But Petrosian didn't follow up the novelty by playing the recommended line, which many GMs and computer analysis confirmed would have yielded him a significant advantage. Instead he opted for safety and ended up blowing a game he should have won (similar to the concept of "prevent defense" in football. The only thing it prevents is victory.)

    Petrosian couldn't explain why he didn't follow the recommended line of the novelty, which had been worked out ahead of time in home analysis.

    Kasparov writes: "It is hard to understand what Petrosian was frightened of. And he himself said: 'Why I didn't play ...Rxg2, I simply cannot explain.' ... According to Korchnoi and Furman, 'it would appear that, after being in a fighting mood at the start of the game, from this point Petrosian decided to make a draw.' But in Dvoretsky's opinion, 'it was most probably Petrosian's dislike of calculating complicated variations and his characteristic excessive caution.' Of course, in his place, Tal would have rushed into the mass of complications, whereas 'iron Tigran' was aiming in the first instance for safety."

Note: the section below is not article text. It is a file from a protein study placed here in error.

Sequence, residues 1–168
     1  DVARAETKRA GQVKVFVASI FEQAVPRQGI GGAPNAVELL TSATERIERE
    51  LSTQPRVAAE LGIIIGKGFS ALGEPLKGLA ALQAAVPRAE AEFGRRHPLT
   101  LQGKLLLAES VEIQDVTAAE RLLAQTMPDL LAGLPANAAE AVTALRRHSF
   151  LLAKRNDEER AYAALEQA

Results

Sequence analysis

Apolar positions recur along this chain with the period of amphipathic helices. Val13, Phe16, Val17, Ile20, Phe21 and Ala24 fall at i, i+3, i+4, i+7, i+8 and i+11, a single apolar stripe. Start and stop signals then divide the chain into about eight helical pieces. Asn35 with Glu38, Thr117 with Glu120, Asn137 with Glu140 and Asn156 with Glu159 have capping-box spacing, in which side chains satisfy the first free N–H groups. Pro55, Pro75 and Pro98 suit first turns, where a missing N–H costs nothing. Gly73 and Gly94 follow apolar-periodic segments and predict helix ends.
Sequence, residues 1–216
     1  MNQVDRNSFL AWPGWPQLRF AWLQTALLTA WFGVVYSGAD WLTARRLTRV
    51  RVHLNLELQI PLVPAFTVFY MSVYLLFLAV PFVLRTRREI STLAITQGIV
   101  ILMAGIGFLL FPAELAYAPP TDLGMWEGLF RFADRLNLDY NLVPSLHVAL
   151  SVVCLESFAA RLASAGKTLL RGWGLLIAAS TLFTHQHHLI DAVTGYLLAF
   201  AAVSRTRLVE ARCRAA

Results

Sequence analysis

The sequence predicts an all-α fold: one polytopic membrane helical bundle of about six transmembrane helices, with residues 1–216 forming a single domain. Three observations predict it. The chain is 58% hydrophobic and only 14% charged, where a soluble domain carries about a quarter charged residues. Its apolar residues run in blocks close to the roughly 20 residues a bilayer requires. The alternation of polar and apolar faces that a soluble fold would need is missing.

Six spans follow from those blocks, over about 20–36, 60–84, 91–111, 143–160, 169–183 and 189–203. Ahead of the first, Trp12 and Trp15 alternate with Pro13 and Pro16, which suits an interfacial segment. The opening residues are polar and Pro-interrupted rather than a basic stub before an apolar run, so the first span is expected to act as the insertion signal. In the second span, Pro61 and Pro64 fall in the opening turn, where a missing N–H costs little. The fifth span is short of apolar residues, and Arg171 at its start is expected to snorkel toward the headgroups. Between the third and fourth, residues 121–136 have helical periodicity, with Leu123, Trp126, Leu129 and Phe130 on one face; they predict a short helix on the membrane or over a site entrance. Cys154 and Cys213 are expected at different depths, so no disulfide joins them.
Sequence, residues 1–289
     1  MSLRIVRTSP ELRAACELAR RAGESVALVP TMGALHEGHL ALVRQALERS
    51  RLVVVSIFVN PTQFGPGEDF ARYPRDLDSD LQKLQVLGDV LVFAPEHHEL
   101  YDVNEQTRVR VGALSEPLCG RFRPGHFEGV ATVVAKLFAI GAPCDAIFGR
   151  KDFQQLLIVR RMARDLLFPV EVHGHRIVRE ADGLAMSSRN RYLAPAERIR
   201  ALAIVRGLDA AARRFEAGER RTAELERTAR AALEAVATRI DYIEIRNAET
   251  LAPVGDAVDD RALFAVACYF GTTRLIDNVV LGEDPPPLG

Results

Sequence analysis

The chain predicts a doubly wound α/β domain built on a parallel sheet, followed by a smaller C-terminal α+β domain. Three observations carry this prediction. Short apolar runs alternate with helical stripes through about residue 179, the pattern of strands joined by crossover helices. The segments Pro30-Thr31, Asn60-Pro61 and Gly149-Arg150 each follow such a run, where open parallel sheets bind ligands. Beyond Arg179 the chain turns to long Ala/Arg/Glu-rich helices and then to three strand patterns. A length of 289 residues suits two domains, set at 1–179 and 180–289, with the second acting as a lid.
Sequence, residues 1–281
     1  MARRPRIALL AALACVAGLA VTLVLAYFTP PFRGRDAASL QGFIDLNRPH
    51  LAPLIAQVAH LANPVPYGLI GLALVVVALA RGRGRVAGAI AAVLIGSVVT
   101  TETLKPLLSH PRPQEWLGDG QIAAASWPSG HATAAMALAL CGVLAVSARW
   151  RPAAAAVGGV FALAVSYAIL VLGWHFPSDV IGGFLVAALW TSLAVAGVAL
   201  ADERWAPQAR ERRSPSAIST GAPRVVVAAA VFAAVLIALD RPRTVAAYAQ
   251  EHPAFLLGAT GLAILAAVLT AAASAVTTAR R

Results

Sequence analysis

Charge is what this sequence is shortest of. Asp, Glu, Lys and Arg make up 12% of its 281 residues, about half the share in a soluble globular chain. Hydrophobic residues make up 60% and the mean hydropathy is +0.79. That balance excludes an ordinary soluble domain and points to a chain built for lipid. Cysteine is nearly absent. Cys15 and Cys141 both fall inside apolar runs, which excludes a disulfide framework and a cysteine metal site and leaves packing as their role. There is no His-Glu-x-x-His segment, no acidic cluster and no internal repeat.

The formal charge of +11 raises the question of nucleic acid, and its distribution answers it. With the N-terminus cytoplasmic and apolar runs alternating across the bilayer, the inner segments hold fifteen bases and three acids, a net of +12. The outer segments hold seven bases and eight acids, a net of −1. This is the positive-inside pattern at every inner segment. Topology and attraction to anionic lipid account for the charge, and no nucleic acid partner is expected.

(Kasparov: My Great Predecessors Part IV, page 412)

    At the time of the first Fischer vs. Petrosian game, Fischer was on a long winning streak, having beaten Taimanov and Larsen by 6-0 scores and winning the final six tournament games that preceded those matches. Imagine if Petrosian had won (and with black!) against Fischer in their first Candidate's match game.

    That game is worth a look for anyone who hasn't seen it. The ...Rxg2 move that Petrosian decided not to play is the 16th move of the game and Petrosian instead plays ...Bf5.

    That was one time when Petrosian's playing style didn't serve him well.

  • 21 months ago · Quote · #32

    Chigosian50

    Whatever chess coach suggested that Korchnoi is at the positional end of the spectrum should buy a copy of his game collections and study them first! The one recurring theme in Korchnoi's career (in addition to his fighting spirit) is his tendency to stumble into positional blunders and having to fight his way out.....

    The point I tried to make when starting this post is that players who use tactical means as their primary tool can come in defensive or attacking personalities, and ingrained habits are hard to break.